Not many Chinese people think of wine when it comes to Germany's finer exports. They think of cars, machines and possibly beer. German vinters and the German Wine Institute hope to change this.
Two men look into their wine glasses skeptically. They have been walking around the wine fair in the western Chinese city of Chengdu all day and tasting the offers. Chengdu is one of the country's most prominent wine markets. Now they have arrived at the German wine stands.
"White wine from Germany is okay," one man comments. "But the red wine is much different than French wine. German wine is light. I prefer robust ones."
"I don't really like this one here," the other man says. "It tastes sour. I am trying riesling now. This kind is well known. But it does not meet my expectations."
German wine does not have it easy in China. The Chinese love red wine, but Germany is more of a white wine country. Chinese people also tend to buy wine similarly to the way they buy cars - the brand has to stand out.
Germany is well known for its white wine - but not necessarily in China
That becomes obvious at the wine fair. There are over 100 French vintners, dozens of Italian ones and numerous representatives of Spanish wine. But there is only one winemaker from Germany: the winery Jakob Gerhardt from Rheinehessen. Its representative, Oliver Altmann, is something of a pioneer. Many Chinese people don't know much about wine, he says.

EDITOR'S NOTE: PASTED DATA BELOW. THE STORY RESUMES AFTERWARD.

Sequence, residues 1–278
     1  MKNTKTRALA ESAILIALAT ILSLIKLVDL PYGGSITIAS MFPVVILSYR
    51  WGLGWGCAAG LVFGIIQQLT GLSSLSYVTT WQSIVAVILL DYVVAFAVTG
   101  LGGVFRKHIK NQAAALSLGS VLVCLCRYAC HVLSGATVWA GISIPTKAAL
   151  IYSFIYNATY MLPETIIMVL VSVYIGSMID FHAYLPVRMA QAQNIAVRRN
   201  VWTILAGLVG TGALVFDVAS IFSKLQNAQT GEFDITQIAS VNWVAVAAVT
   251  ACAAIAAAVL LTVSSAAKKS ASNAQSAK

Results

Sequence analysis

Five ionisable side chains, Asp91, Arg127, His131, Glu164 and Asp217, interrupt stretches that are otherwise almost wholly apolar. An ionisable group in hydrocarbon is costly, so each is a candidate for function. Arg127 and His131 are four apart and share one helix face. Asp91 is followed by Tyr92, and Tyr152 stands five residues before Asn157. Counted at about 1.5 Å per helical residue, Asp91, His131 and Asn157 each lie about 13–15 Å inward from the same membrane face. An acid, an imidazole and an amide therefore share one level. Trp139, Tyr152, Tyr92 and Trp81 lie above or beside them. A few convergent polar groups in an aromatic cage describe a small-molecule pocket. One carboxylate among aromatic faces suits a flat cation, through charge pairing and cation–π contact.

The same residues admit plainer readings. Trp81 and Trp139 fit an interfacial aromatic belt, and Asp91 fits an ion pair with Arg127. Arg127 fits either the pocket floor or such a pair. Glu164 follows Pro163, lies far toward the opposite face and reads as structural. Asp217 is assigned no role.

"I wish they didn't chase images so much. They should listen to their taste buds. To what really tastes good to them. If they did that, they will have come a long way. The whole Chinese wine market will have come a long way."
China's wine market is dominated by the French. Over 50 percent of imported wine comes from France. Labels like Chateau Lafite or Mouton have a cult status among the country's nouveau-riche. German wines are much less glamorous but nonetheless equal in taste to their French counterparts, says Monika Reule, CEO of the German Wine Institute. She markets German wine around the world - in China, too.
"Our only disadvantage is that German wines are not very well known. We have no real image - good or bad."
The German wine industry is looking to create a niche for both riesling and sweet wine. The German Wine Institute has only been active in China for about two years. It is planning to organize trade fairs exclusively for German wine where vintners will be able to make contacts with merchants. Restaurants are also seen as a way to gain a foothold.
"We are trying to appeal to Asian chefs and restaurant owners because we believe that German wines, with delicate structure, minerals and natural fruitiness, fit quite well in Asian cuisine," Reule explains.
The wine institute has published a brochure on German wine in Chinese. Their endeavors appear worthwhile - with China the fastest growing consumer market for German wine. Last year, the market grew by 19 percent. A total of 40,000 hectoliters were sold, making China number 8 on the list of countries that import German wine.